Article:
Take the 2-minute tour ×
Stack Overflow is a question and answer site for professional and enthusiast programmers. It's 100% free, no registration required.

I'm writing Qt application with simple idea: there are several OpenCL-capable devices, each of them gets own control thread which preparing data, executing OpenCL kernel and processing results. OpenCL code is actually bitcoin mining kernel (for now it's this one, but it doesn't matter).

When working with 2 GPUs everything is ok. When I use GPU and CPU there is a problem. CPU works at reasonable speed, but GPU slowing down to zero perfomance.

There are no such promblem under Linux. Under Windows, poclbm behaves in the same way: when starting multiple instances (1 for GPU, 1 for CPU), GPU perfomance is 0.

I'm not sure about which part of code I should post, so it will be helpfull. I can only mention, that thread is a QThread's child with run() reimplemented with a busy loop while( !_stop ) { mineBitcoins(); }. Logic of that loop is pretty much copied from poclbm's BitcoinMiner::mining_thread (here).

In which direction should I dig? Thanks.

upd: I'm using QtOpenCL with AMD APP SDK.

share|improve this question
add comment

3 Answers

up vote 2 down vote accepted

If you run the kernel on the CPU with full utilization of all cores, the threads that handle the other devices might not be able to keep up with the GPU, effectively limiting performance.

Try decreasing the number of threads running the kernel on the CPU, e.g. if your program runs on a quad-core with hyper threading, limit the threads to 7.

share|improve this answer
    
So, the reason is Windows multitasking? –  elmigranto Mar 2 '12 at 12:15
1  
its load balancing. its a provider-consumer problem. You can see your host device as a provider, providing data and commands for the CL devices. If it is not fast enough the command stream on the CL device stalls and it runs idle. If you use the host device as CL device it may not be able to maintain a constant command stream for other devices. This is highly usecase dependent and also depends on how many CL devices you have to feed etc. –  mbien Mar 2 '12 at 14:36
2  
mbien explained it nicely. As for why it works on Linux, I can only speculate. Maybe the Linux implementation of your SDK does a better job at allocating CPU power to the main thread, or POSIX threads don't allow thread priorities that effectively stall other threads with lower priority. –  pezcode Mar 2 '12 at 15:28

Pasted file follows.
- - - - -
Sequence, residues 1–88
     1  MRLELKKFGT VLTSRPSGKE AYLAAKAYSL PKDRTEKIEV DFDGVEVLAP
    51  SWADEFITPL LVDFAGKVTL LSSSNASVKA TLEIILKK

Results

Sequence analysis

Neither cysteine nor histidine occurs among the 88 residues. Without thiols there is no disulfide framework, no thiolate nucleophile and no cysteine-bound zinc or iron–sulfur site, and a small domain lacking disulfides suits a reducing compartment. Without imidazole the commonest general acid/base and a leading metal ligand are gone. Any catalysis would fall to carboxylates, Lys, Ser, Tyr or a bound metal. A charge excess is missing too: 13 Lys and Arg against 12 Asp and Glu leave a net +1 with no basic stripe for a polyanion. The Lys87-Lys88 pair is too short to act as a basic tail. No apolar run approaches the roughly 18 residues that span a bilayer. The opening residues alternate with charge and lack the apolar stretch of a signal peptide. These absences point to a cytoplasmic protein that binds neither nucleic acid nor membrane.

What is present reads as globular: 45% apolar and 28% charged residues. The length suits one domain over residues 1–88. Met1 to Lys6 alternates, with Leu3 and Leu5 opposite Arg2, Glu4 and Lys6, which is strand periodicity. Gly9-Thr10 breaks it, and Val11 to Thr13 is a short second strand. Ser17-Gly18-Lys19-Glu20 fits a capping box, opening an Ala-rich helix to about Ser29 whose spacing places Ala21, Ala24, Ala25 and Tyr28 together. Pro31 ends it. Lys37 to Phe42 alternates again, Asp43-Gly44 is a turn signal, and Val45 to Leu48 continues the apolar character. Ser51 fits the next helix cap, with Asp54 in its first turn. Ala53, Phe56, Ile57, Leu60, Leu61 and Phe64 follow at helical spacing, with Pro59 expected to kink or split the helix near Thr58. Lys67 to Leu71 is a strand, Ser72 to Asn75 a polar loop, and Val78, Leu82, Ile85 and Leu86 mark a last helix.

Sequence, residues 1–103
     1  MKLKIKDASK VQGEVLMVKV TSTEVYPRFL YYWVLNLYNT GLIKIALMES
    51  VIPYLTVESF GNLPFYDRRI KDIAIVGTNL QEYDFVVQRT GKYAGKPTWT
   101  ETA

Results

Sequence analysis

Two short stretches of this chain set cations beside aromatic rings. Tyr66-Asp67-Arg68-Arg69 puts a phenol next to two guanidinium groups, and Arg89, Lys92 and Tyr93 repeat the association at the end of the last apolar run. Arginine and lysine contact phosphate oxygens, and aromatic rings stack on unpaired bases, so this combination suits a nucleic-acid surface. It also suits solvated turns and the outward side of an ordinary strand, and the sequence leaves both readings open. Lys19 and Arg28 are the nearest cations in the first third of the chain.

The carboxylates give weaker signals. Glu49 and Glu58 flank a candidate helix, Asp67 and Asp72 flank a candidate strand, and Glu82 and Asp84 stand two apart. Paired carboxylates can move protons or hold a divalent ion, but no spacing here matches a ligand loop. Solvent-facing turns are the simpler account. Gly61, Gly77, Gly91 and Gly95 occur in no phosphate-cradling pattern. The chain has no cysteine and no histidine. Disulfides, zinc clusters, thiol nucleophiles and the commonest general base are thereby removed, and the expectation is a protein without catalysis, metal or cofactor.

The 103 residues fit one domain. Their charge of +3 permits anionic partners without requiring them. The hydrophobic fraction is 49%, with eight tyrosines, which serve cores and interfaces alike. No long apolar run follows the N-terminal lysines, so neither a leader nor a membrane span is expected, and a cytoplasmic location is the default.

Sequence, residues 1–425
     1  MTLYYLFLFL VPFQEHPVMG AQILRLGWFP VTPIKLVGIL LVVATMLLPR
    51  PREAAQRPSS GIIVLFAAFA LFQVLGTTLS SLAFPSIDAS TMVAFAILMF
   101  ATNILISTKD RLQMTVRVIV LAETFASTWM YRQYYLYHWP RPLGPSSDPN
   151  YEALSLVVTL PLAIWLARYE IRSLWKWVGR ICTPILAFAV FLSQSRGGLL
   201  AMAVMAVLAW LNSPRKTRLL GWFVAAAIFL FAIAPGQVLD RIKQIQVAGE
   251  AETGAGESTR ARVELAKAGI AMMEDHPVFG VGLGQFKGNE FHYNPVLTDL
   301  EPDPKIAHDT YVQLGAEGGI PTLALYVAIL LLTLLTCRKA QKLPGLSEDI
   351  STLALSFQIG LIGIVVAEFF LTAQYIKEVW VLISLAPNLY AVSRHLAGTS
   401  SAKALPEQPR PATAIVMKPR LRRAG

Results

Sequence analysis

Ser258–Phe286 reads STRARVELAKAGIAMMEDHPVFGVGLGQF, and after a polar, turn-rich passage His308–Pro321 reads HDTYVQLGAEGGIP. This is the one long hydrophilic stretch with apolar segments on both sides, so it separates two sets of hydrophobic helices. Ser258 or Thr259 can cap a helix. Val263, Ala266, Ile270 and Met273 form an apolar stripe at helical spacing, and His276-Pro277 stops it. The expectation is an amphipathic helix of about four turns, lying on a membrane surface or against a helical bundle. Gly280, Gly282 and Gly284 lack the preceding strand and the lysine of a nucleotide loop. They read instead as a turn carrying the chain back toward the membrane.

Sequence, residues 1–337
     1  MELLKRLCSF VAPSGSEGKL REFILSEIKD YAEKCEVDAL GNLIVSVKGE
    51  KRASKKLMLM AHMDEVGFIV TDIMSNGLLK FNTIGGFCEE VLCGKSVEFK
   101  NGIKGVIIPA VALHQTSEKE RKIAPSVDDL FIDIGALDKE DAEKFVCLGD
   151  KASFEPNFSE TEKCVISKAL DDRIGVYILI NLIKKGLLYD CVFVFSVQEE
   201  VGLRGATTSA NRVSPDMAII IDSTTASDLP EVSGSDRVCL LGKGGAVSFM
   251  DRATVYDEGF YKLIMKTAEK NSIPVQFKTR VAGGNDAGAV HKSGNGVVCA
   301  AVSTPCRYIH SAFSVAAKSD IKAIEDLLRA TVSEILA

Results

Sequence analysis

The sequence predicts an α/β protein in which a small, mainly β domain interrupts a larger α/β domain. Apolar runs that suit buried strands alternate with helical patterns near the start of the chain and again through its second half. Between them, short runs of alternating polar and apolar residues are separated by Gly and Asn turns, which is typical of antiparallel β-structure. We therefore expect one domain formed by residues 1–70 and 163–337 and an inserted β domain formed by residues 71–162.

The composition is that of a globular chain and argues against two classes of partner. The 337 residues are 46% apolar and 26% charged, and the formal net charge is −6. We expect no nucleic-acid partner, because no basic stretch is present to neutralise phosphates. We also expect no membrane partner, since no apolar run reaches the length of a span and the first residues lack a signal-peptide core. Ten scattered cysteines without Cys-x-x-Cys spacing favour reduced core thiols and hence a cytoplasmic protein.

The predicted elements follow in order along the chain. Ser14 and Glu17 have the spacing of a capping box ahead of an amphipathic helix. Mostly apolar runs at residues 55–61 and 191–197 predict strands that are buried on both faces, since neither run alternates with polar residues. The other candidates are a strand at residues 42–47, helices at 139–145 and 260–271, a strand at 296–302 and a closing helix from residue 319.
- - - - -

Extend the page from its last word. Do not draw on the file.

Thanks, everyone –  elmigranto Mar 2 '12 at 22:57
add comment

don't use the host device as opencl device. If you really have too, restrict the amount of compute units (of the CPU used as host) allocated for CL by creating a subdevice.

share|improve this answer
    
Not using CPU helps, but I want to know the reason of such behaviour and the reason why it's different on Linux and Windows. –  elmigranto Mar 2 '12 at 12:11
add comment

I don't know if you are using the both devices in the same context. But if that is the case, the memory consistency inside a context can be your problem and how the different OpenCL implementation handle it.

OpenCL tries to mantain the memory inside a context updated (at least in Windows), and can cause the GPU to continuosly copy the memory used back to "CPU-side".

I tryed that long ago and resulted as in your case with "~=0 performance in the GPU".

share|improve this answer
    
No, each device gets it's own context; thanks for answering. –  elmigranto Mar 5 '12 at 13:02
add comment

Your Answer

 
discard

By posting your answer, you agree to the privacy policy and terms of service.

Not the answer you're looking for? Browse other questions tagged or ask your own question.